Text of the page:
Following HPI’s recent announcement that one in 17 cars have been clocked in the UK, here are motorists’ tips and advice on how to avoid being scammed.

This high figure is a warning sign to customers buying second hand cars. Illegal clocking is a quick and easy way for unscrupulous car sellers to make money and those buying second hand cars need to be very wary. Not only is buying a tampered car a waste of money, a clocked vehicle is dangerous to the driver and other road users, as cars with incorrect mileages have often missed important services and part replacement dates, making them unreliable and potentially un-roadworthy. If motorists are in any doubt as to whether or not a vehicle may have been clocked, they should always seek expert advice before making a purchase.

A recent investigation by the BBC put the spotlight back on car clocking, revealing that winding back the odometer on a high mileage car, is one of today’s most common car crimes.

When purchasing a second hand car, drivers should look out for the following warning signs and plan ahead by doing some basic maintenance checks on the vehicle in question, to avoid being cheated by rogue traders:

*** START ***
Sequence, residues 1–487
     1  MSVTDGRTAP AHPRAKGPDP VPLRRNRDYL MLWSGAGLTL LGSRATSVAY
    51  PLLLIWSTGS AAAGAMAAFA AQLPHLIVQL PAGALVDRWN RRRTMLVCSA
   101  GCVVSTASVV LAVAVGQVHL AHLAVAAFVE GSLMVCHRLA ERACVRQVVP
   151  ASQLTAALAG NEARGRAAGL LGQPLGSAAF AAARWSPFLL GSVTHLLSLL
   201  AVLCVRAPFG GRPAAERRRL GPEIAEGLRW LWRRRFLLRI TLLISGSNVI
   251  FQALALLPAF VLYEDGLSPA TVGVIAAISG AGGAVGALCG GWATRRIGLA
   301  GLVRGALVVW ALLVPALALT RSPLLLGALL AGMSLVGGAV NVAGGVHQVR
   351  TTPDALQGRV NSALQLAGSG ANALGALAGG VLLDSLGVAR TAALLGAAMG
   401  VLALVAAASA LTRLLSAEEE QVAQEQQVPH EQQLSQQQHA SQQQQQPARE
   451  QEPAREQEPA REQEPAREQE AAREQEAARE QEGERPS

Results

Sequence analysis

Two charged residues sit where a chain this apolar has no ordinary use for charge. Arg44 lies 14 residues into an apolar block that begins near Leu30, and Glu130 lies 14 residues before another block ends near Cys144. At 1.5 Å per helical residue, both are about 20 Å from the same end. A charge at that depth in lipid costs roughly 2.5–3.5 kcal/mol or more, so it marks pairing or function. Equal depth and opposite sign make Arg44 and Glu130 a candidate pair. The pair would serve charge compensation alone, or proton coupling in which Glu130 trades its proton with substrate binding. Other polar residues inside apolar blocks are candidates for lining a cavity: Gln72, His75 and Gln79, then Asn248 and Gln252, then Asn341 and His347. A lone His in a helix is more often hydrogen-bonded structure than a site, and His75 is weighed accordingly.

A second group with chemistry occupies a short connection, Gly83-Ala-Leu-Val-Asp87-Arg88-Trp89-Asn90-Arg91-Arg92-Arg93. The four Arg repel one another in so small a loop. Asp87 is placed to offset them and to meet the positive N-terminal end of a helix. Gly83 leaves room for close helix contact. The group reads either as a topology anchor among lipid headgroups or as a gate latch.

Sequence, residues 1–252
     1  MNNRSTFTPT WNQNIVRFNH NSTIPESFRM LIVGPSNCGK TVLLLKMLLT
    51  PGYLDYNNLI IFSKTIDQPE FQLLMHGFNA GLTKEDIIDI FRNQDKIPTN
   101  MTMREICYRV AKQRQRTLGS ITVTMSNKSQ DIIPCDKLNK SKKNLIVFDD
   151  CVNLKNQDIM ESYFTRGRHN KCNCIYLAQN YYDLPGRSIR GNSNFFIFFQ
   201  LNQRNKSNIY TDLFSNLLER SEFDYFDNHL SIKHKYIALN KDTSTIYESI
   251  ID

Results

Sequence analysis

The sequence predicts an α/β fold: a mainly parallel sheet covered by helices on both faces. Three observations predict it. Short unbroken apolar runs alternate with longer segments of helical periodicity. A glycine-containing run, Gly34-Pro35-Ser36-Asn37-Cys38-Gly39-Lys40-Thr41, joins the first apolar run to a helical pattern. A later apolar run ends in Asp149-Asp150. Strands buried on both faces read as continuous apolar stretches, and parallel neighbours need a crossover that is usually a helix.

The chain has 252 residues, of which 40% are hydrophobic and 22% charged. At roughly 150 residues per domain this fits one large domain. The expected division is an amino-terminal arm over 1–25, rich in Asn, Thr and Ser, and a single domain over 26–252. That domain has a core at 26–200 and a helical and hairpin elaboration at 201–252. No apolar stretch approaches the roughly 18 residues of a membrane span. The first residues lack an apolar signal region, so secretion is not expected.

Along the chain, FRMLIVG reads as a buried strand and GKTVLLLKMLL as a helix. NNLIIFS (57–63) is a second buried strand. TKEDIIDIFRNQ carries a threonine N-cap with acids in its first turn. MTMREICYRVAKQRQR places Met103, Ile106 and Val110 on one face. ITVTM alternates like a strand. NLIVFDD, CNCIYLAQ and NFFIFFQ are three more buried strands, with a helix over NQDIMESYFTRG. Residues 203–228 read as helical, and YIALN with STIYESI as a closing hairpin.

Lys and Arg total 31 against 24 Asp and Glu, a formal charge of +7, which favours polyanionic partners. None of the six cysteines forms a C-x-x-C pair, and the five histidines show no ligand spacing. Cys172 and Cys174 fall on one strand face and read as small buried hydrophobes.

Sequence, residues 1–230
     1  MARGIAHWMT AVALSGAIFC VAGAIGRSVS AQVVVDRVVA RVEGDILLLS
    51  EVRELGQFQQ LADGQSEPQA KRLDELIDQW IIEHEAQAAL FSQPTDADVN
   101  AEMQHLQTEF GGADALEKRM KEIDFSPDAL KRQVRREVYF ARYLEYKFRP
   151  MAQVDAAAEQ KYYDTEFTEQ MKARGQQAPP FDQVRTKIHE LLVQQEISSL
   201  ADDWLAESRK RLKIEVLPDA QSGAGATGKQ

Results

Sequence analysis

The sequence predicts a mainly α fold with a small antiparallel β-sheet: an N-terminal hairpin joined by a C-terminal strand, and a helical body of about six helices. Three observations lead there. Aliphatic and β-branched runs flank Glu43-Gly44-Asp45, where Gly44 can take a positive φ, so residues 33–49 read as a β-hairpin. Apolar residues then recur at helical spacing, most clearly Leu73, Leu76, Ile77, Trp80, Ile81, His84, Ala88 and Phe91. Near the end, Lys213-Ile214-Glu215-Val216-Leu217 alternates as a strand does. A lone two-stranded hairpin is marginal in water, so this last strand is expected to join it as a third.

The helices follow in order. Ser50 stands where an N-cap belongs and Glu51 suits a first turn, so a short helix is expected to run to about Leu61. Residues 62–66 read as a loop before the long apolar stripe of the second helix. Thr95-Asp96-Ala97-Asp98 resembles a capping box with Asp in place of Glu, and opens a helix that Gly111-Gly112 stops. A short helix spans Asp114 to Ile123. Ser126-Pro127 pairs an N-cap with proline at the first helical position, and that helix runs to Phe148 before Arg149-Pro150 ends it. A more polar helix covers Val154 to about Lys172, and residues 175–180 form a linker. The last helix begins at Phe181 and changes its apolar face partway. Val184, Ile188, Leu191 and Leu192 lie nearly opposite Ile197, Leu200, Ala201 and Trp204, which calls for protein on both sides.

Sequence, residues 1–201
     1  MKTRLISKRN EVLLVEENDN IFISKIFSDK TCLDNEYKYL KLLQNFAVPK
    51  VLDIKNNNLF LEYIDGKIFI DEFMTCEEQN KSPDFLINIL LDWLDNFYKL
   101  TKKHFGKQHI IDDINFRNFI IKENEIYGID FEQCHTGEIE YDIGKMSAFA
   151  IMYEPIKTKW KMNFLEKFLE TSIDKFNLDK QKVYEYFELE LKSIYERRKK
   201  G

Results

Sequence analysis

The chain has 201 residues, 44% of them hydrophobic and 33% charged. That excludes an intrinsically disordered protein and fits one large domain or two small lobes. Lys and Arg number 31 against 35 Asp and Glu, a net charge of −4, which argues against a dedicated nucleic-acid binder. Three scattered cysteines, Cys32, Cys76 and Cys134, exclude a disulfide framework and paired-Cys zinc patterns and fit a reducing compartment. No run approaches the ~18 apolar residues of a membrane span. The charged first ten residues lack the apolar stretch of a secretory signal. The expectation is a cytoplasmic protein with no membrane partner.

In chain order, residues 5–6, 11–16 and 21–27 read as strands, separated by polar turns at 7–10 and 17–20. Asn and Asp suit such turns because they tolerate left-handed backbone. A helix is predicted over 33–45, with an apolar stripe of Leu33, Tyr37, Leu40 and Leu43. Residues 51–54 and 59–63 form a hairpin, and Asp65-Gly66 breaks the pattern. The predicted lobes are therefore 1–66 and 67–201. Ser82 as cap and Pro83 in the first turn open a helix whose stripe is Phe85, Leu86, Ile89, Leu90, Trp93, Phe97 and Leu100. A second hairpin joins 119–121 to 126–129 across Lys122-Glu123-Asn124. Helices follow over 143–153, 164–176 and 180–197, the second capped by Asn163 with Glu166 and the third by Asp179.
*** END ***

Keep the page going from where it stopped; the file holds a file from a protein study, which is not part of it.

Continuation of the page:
Common sense should be exercised at all times – worn pedal rubbers, lots of chips on the bonnet, a shiny steering wheel and excessive wear and tear in the car’s interior, all indicate a well-travelled vehicle.

Original copies of the logbook, the car’s service history, MOT details, registration number, vehicle identification number and a valid tax disc, should all completely up to date and accounted for upon inspection of the vehicle. If any of these documents are missing or invalid, walk away from the deal.

Motorists should input the car’s registration number into official mileage-check websites such as the HPI or AutoCheck from Experian. For a small cost, drivers can be safe in the knowledge that they are buying a vehicle that hasn’t been tampered with.

Always remember, if a deal sounds too good to be true, it probably is!

Check out our full guide to avoiding a clocked car at Autoinfo